What is the Purpose of a Credit Score?

Your level of perceived credit risk in the eyes of lenders is reflected by your credit score. A higher number suggests a lower level of credit risk. Your credit score is generated statically from your credit report. However, your credit scores are not stored physically. It will not be found in your credit file as part of your credit history. It is generated only when a lender demands it when they request your credit report.

A fluid number is used to represent your credit score. When there is a change in the circumstances regarding your credit report, your credit score also changes. For instance, there will be fluctuations based on new account or payment updates. In the financial service industry, there are many different credit scores used. Depending on the model of credit scoring employed based on the lender, your score may differ.

In the past, before credit scores became ubiquitous in evaluating creditworthiness, lenders employed less empirical forms of evaluation. Lenders would first look at an applicant’s credit report. Based on the judgment a lender makes, credit would be denied or provided. The lender may look at factors such as whether the applicant had too many late payments or if the applicant already held too much debt. This process was time-consuming and subjective, whereby human judgment became more vulnerable to personal bias and misinterpretations.

However, with the development of credit scores, risk has been more fairly assessed by the lenders. This is because credit scores are objective and consistent, and thus highly beneficial to applicants. Credit scores at their core reflect whether you will be able to repay your liabilities without bias. The score is generated using your present credit status and past credit history.

In order to summarize the credit history of consumers, retail stores, auto dealers, credit card companies, banks and most other lenders make use of credit scores. It saves time in having to manually review the credit report of the applicant, thereby streaming the decision-making process. A credit score is the most prominent sign of one’s basic creditworthiness, though many additional factors are used in determining risk, such as an applicant’s income versus the size of the loan, among other factors.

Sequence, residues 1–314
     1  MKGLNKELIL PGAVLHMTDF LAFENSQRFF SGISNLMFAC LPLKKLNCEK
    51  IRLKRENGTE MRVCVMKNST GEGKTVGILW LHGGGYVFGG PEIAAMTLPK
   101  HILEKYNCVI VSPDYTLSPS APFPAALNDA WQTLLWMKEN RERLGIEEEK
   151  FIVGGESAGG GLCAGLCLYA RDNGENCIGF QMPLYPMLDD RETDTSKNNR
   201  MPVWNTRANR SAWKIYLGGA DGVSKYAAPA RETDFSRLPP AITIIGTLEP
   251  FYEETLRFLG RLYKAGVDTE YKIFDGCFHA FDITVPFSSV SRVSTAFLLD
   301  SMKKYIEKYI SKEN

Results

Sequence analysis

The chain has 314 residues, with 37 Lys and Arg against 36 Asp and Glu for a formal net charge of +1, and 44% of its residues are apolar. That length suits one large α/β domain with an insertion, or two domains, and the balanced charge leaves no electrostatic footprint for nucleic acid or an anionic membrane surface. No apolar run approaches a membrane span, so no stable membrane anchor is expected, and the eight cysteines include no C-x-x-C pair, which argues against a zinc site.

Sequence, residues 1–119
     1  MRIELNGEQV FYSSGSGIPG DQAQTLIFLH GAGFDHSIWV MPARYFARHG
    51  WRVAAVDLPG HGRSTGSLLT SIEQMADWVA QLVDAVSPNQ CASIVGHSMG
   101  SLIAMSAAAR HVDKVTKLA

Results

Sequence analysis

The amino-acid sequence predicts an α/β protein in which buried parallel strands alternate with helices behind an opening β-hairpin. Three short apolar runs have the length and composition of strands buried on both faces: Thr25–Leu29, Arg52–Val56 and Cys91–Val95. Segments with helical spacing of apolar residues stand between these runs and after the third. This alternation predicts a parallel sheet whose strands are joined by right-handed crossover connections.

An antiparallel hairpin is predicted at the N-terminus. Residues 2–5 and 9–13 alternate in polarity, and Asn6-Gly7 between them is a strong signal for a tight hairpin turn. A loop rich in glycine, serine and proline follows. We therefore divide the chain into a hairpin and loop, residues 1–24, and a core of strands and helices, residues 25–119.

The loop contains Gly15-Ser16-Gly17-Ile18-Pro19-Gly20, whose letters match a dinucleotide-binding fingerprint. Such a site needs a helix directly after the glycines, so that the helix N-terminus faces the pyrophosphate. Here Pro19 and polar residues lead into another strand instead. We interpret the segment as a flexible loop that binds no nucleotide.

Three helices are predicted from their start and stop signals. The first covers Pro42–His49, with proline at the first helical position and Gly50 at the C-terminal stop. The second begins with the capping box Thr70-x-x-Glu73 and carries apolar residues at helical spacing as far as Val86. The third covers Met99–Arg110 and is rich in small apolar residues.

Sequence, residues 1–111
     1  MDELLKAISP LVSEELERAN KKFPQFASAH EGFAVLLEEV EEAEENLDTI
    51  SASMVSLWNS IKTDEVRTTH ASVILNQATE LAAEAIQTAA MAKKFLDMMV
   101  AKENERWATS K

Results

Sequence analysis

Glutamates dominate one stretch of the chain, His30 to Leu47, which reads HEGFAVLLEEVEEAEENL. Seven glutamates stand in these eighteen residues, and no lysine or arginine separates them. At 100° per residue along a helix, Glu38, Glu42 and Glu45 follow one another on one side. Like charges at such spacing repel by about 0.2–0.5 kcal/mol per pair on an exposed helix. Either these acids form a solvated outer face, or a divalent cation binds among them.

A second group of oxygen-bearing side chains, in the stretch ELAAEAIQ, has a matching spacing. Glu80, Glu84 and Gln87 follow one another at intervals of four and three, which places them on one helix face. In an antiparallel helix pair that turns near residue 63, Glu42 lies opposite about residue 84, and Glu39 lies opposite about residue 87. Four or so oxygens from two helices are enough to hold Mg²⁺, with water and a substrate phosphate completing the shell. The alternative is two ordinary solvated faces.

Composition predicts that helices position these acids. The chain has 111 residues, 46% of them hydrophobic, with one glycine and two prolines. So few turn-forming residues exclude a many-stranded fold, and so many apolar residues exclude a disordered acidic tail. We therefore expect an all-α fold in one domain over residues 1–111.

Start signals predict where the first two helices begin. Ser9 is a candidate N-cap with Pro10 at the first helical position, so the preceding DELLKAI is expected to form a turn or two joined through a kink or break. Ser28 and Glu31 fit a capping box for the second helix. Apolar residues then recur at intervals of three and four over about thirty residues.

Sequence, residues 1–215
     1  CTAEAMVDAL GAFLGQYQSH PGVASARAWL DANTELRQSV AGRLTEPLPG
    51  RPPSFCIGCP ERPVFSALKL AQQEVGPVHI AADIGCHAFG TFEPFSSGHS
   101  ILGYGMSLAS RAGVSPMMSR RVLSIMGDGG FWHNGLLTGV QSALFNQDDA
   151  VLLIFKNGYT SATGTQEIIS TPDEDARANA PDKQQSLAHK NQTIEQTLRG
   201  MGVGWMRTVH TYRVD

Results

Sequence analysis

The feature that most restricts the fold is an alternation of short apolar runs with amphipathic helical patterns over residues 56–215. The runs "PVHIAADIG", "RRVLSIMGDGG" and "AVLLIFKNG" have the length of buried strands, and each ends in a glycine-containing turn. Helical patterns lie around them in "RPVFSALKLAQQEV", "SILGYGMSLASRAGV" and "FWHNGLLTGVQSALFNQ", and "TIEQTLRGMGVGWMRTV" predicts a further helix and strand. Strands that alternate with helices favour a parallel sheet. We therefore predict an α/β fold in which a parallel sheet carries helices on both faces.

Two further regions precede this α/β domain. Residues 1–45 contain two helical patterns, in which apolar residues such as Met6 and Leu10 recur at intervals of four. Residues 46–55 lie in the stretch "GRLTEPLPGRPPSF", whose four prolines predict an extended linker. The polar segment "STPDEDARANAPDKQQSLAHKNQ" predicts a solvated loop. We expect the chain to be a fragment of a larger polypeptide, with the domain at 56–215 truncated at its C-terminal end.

Depending on the score being used, the information that impacts a credit score varies. Usually, elements in your credit report directly affect your credit scores. These elements include: recent inquiries; total debt burden; the type, number and duration of accounts; as well as the number and nature of late payments.

Under the Equal Credit Opportunity Act, scores formulated by companies like TransUnion must not incorporate demographic data precluded by the Consumer Credit Protection Act, including racial, religious, ethnic or gender identifying distinctions. Individual lenders may use scores which include elements like occupation, income and type of accommodation in deciding their own custom score of credit.

Background of Credit Scores

Credit scores began to gain popularity in 1980s. In determining whether or not to provide credit, human judgment had been the sole factor, as mentioned previously. In order to judge the new consumers, lenders used their past experience at observing consumer credit behavior. It was an unreliable as well as a slow process, featuring many errors and inconsistencies.

Hence, lenders started to use the point system, whereby consumers were given scores according to their credit report. Many of the previous existing inefficiencies were solved by this point system. Still, it was not used as the best method to assess creditworthiness. Eventually, consumer credit behavior could be predicted using credit scores, and it began to be instituted across the board. The process of assigning credit score became very easy when it was combined with computer applications. Ultimately, the process became objective, effective and fast, whereby consumers received credit decisions expediently.

Risk Profile

When determining credit scores, lenders evaluate risk categories. They compare large numbers of consumers with similar credit scores and decide whether to grant credit or deny it. Hence, lenders are able to compare theoretically consistent factors and criteria, whereby your credit behavior is judged in a context that is fair and relevant. For instance, consumers with established credit histories will not be compared to consumers with brief credit history and only a few accounts. This ensures that you receive the best change of securing the credit you need to bolster your life.


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